Australia and other donors are jointly supporting the Tonga Economic Reform Program, which drives reforms to strengthen revenue, effectively manage government expenditure, manage debt and promote private sector growth. Donors link aid payments to agreed reform benchmarks and provide technical assistance to support implementation. Australia is also funding pilot projects to support Tonga’s vanilla industry and supporting regional initiatives that promote Tonga’s private sector, such as the Pacific Horticultural Agricultural Market Access Program (PHAMA), and the Asian Development Bank’s Private Sector Development Initiative.  

Investments for supporting economic, governance and private sector development reforms

Objective 2: More effective, efficient and equitable health system

Australia is promoting a more effective, efficient and equitable health system in Tonga, with a focus on reducing the health and economic burden of NCDs. Our new phase of the Tonga Health Systems Support Program focuses on strengthening the management of NCDs through preventative health services, NCD health promotion, and support for mental health and disability services. This work is complemented by infrastructure investments to improve environmental health through the Nuku’alofa Urban Development Project, which is increasing access to clean water supply, sanitation and solid waste services, particularly in low income residential areas.

Investments for promoting a more effective, efficient and equitable health system

Objective 3: Skills development in support of economic opportunities for Tongan workers

Australia is supporting a range of training opportunities in Tonga, regionally and internationally, to ensure Tongans are skilled to meet priority areas of labour demand. OurInterim Skills Development Facility is providing young Tongans with the skills and qualifications needed by the private sector, both in Tonga and overseas. We are expanding Australia’s investments in technical and vocational skills development, with a particular focus on opportunities for women and those with a disability. Through our education assistance, we are improving the quality of basic and early childhood education in Tonga.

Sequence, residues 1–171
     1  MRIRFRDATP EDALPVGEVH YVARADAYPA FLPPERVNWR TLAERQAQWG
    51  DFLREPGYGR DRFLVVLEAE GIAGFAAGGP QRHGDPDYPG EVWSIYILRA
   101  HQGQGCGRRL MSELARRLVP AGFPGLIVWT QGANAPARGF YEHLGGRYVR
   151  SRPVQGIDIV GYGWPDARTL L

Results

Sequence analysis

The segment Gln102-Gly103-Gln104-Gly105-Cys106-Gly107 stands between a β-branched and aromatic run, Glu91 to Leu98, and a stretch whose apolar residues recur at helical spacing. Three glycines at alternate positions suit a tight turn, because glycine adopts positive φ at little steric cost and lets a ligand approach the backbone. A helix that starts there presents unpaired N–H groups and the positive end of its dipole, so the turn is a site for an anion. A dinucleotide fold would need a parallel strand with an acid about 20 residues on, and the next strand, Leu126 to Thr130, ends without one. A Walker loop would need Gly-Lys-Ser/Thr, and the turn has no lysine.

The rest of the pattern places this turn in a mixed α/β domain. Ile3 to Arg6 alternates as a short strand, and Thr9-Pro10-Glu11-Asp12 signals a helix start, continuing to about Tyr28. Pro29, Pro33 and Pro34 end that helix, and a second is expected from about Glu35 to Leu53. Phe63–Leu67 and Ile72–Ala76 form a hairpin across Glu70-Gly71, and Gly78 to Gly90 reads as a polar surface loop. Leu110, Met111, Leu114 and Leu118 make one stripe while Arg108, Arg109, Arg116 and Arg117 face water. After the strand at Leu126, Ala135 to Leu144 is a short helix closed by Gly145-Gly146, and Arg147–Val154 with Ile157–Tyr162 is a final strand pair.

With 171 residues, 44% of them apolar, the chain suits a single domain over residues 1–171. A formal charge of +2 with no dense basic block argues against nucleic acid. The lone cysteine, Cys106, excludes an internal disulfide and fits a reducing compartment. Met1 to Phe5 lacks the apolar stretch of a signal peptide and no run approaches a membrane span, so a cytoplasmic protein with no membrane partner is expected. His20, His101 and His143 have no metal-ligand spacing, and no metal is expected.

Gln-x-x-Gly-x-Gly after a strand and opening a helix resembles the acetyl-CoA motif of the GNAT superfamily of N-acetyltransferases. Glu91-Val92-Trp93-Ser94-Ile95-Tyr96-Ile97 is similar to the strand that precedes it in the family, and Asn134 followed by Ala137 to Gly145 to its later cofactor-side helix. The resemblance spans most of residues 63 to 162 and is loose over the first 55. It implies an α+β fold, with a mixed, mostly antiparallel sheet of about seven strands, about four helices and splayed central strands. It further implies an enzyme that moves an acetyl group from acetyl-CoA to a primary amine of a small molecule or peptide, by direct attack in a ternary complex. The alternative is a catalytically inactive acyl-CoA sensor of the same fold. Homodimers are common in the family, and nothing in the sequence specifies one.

Investments for improving economic opportunities for Tongan workers through skills development

Cross cutting issues

Australia is seeking to address the cross-cutting issues of disaster resilience and preparedness, gender equality and supporting the needs of people with a disability across all our investments. Tonga Women Shaping Development is a key initiative by Australia that aims to strengthen the national response to violence against women, research the impacts of the seasonal migrant worker scheme on women and men, strengthen the organisational and technical capacity of women’s organisations and support the Government of Tonga to organise key women’s events.  This work is a sub-set of the region-wide Pacific Women Shaping Pacific Development program (see also Related links: Pacific Regional aid program).